But authenticity is no magic bullet. And Francis is by no means his own worst enemy. For that, alas, we can look to his Catholic critics, many of whom have used every opportunity to try to undermine this pontificate. The campaigns of these saboteurs, as Ivereigh rightly calls such activists, are analyzed in some of Ivereigh’s most trenchant chapters.
It’s a story that must be confronted. It should also never bore, and that, ultimately, is the great virtue of Ivereigh’s book. Through personal reporting in Latin America and Rome and around the world, Ivereigh weaves in fascinating stories from Francis’ past, including his intellectual influences, as well as episodes from the current political dramas inside and outside the Catholic Church. They range from the bizarre power struggle inside the ancient order of the Knights of Malta, through the pope’s crusade against climate change and income inequality and his efforts on behalf of migrants and the poor.
The result is a vivid portrait of a prophetic leader who can appear increasingly isolated on the world stage and inside his own house, but one who, because of that, finds himself more liberated, and perhaps more effective.
The “Francis Effect,” as Ivereigh writes, “is as impossible to measure empirically as it is real.” The best example of this is the revival of the system of church-wide meetings, called synods, that Francis has convened throughout his papacy. These meetings are almost a slow-motion Third Vatican Council in that they provide space to air differences and promote dialogue and reform on even the most contested issues. At the same time, synods provide fuel for the anti-Francis’ arsonists. “The dogs are barking,” Ivereigh quotes Francis as saying. “That shows we are moving ahead.”
These synods may in fact prove to be Francis’ most important legacy, as they leave a template for the kind of open and outgoing church that Francis — and the Second Vatican Council of the 1960s, and Jesus himself — calls for. Yes, it is a tough road, but for Francis it’s always an occasion to find joy in the journey. That’s key.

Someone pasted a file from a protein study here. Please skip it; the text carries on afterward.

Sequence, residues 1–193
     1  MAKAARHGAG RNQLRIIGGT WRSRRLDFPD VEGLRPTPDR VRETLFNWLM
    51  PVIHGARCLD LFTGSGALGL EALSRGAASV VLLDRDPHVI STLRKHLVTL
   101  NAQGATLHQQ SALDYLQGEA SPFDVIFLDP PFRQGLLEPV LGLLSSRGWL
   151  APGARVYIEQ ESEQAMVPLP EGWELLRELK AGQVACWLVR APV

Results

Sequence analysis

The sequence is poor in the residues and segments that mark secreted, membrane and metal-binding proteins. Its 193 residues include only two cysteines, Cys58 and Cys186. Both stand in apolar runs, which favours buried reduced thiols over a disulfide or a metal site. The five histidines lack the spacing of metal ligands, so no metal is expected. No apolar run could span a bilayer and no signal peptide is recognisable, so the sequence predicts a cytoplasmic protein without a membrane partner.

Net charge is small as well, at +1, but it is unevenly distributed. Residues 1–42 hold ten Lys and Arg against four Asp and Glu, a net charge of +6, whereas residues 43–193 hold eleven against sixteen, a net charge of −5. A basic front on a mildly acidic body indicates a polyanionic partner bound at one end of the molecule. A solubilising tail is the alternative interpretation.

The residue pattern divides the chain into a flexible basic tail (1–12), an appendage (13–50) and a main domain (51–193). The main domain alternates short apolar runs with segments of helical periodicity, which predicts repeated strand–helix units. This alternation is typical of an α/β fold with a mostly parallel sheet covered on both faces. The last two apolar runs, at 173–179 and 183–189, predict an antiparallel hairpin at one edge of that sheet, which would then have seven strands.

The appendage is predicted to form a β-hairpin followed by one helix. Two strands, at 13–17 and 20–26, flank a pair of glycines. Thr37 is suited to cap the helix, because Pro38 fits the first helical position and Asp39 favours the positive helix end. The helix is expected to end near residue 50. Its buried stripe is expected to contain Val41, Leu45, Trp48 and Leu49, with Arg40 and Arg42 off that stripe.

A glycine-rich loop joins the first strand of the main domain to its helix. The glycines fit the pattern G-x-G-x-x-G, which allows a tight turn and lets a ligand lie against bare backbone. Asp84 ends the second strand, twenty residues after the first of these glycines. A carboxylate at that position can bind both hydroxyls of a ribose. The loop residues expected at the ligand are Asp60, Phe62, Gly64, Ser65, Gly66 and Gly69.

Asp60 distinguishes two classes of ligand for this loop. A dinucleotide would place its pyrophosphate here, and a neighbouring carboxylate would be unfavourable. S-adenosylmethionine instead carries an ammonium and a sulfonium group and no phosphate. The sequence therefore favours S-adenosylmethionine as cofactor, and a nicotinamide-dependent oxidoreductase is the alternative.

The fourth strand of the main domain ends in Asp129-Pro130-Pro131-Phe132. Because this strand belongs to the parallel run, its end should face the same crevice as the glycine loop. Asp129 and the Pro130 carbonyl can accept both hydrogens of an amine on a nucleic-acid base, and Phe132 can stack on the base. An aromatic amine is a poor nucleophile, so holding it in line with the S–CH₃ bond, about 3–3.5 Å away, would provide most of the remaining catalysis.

Comparing a pope to Jesus understandably leads to charges of hagiography, and if Ivereigh is more clear-eyed about Francis in this volume than he was in the first, he can still be quite harsh on Francis’ critics. Ivereigh defends himself, as he did when we hosted him last fall for a talk at Fordham University, as saying his role “is to explain how [Francis] thinks and what he is doing,” not to make excuses for the pope. That’s certainly a virtue: Whatever you think of Francis going into this book, you will understand him — and Catholicism today — much better coming out, whether Ivereigh changes your mind or not.
Will there be another installment to complete the Francis trilogy? Given that Francis just turned 83, it would more likely than not be a postmortem of this pope, or at least his papacy, if he retires quietly to Buenos Aires, as many believe he will. That’s not how superheroes normally wind up, but it would be a fitting coda to Francis’ ministry.
“[Francis] is like superman,” a flower seller in Thailand said when the pope visited last November. “Because he helps the people, and he teaches us to help people and choose to help people.” Now that’s a superpower you can believe in.
About the Author
David Gibson has written about the Catholic Church as a journalist and author. He is director of the Center on Religion and Culture at Fordham University in New York City.